- At least 100 people, and probably many more, remain unaccounted for, Gov. Andy Beshear told reporters on Tuesday. The death toll remains at 74 for now, he said.
- President Joe Biden plans to visit the state on Wednesday and survey the damage.
- Over 1,000 homes were destroyed and over 28,000 homes and businesses were still without power on Monday.
The death toll in Kentucky stands at 74 following a string of devastating tornadoes that hit the state on Friday. At a press conference on Tuesday afternoon, Gov. Andy Beshear told reporters that the death toll had not risen since Monday.
"If there's good news, it's that our death count has not gone up since yesterday," the governor said.
He added that the ages of those killed range from two-months-old to 98-years-old.
Still, at least 100 people, and probably many more, remain unaccounted for, Beshear told reporters on Tuesday.
"With this amount of damage and rubble, it may be a week or even more before we have a final count," he said.
President Joe Biden is planning to visit the state on Wednesday. "It's just devastating," the president said Monday of the damage in Kentucky and six surrounding states. On Sunday, he declared a major federal disaster in the state, unlocking federal aid and resources.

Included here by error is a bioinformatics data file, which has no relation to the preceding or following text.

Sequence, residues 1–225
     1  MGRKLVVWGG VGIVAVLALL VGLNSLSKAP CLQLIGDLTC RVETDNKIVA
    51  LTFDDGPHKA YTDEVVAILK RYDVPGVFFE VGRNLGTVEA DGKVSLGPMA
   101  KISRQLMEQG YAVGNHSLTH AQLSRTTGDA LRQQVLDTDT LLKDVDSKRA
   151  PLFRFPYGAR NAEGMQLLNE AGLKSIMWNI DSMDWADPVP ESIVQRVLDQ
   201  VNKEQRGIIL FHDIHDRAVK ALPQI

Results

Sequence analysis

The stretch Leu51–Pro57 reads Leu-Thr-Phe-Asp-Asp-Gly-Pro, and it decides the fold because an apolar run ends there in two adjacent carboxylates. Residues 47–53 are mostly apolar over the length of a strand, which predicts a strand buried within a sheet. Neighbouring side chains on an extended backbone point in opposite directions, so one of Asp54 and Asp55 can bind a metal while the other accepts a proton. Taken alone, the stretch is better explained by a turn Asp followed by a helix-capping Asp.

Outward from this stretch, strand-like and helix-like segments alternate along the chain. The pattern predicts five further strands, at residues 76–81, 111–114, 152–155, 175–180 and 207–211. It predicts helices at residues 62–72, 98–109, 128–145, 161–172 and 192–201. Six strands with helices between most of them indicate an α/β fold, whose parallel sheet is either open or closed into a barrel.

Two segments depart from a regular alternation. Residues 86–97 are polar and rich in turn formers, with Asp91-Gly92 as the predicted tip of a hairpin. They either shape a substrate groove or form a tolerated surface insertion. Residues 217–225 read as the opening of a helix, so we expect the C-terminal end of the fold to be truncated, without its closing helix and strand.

Over 1,000 homes in Kentucky were destroyed by the tornadoes, and on Tuesday about 24,000 businesses and homes still lacked power.
More than 560 National Guardsmen were assisting Tuesday with rescue operations and debris removal in the state, and Beshear said he still did not know the extent, or cost, of the damage.
"I don't have yet an estimate on damages, but it's in the hundreds of millions of dollars at least," Beshear said on Monday.
The president also approved federal aid for Tennessee to supplement local efforts to assess the damage and recover. Four people died as a result of the tornadoes in that state.
Many on Monday cited the unprecedented nature of the tornadoes — both their severity and the fact that they occurred so late in the year — with some blaming climate change for the surprise weather event. Beshear told reporters that four tornadoes formed in Kentucky alone and one touched down for over 200 miles, destroying almost everything in it's path.
"We can't say with absolute certainty that it was because of climate change," Biden told reporters in the Oval Office on Monday.
"What is certain," he added, "[Is] it is one of the worst tornado disasters we've had in the country. And, the second thing that's certain is that it is unusual. It is unusual how it happened, how many places it touched down and the length of the path."